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Burro Bombs and Hanging Dogs: Political Violence, Haunted Archives, and the More-Than-Human in Peru

Event Type
Lecture
Sponsor
Center for Advanced Study
Location
Levis Faculty Center, Room 210 (919 W. Illinois St., Urbana)
Date
Jun 23, 2024   6:30 pm  
Speaker
María Elena García, Comparative History of Ideas, University of Washington
Contact
CAS
E-Mail
cas@illinois.edu
Views
10
Originating Calendar
Campus Humanities Calendar
EVENT DESCRIPTION

A young Quechua woman refuses to kill her alpaca, so both are killed by Shining Path militants. An elderly woman tearfully recounts the guilt she feels about her inability to prevent the killing, and grilling, of her donkey by Peruvian military forces. A man describes being forced to hang his dogs and burn his lands to save his family. This talk will explore these and other accounts of violence against more-than-human life and relations in Peru during the recent war between the state and the Shining Path (1980-2000). As revealed in testimonies of Indigenous peoples, collected by the state-sponsored Truth and Reconciliation Commission, Quechua survivors insist that the lives of their non-human kin matter, even as processes of justice-seeking and reparations in Peru promote a human rights framework. How can Indigenous testimonies open up alternative forms of justice? How do they unsettle existing frameworks that continue to perpetuate colonial hierarchies? Through an analysis of Quechua testimonies, Professor García considers what the contours and limitations of the archive suggest for decolonial and multispecies forms of justice in Peru.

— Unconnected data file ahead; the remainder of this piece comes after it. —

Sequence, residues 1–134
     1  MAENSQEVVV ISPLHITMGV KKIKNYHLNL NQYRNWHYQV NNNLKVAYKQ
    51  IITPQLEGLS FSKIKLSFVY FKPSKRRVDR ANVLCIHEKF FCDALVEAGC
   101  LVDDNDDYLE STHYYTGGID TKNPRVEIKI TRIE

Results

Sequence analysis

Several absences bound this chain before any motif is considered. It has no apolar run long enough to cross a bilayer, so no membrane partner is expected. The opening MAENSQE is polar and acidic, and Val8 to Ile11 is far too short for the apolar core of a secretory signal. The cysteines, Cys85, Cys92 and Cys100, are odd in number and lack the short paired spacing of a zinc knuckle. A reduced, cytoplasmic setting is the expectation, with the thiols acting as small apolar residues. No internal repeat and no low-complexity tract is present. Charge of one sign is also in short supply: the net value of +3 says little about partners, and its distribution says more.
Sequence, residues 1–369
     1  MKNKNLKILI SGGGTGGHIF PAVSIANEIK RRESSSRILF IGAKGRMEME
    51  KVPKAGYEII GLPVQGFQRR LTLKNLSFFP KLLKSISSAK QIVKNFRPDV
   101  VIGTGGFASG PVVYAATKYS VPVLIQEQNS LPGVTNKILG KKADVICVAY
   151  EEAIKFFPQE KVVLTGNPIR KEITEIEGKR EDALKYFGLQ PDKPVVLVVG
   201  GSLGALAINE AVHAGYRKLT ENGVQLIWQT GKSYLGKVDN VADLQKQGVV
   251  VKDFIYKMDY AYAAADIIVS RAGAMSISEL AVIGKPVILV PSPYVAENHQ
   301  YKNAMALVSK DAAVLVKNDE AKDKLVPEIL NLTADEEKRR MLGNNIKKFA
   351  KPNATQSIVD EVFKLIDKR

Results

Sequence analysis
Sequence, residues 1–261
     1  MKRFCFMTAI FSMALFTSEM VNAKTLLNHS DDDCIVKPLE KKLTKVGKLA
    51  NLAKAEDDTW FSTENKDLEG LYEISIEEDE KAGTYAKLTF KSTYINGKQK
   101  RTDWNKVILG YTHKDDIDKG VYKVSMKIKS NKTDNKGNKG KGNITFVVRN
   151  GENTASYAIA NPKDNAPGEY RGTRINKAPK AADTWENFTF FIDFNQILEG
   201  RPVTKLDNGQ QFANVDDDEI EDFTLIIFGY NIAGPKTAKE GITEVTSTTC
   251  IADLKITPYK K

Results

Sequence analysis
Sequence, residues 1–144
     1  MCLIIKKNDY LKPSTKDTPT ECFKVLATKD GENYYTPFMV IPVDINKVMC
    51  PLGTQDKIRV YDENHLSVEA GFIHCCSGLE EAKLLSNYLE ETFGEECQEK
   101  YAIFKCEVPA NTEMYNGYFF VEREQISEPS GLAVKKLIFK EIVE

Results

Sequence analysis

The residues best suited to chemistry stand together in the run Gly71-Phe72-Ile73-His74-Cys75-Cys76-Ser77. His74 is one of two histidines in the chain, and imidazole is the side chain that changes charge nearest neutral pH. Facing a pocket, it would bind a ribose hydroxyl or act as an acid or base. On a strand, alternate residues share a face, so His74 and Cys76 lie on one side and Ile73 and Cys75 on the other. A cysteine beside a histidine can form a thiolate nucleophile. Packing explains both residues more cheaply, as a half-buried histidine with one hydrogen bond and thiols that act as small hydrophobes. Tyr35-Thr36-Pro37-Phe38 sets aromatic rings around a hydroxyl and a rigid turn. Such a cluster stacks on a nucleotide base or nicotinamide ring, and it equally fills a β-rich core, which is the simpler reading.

MARÍA ELENA GARCÍA

María Elena García is Professor of Comparative History of Ideas at the University of Washington. She is a cultural anthropologist whose work is at the intersection of Indigenous studies, Latin American Studies, and Animal Studies. Her most recent book, Gastropolitics and the Specter of Race (UC Press 2021), was awarded the 2022 Flora Tristán Prize for Best Book on Peru, a recognition given annually by the Peru section of the Latin American Studies Association. You can listen to an interview with García about the book here. And you can find a short blogpost about this project here.

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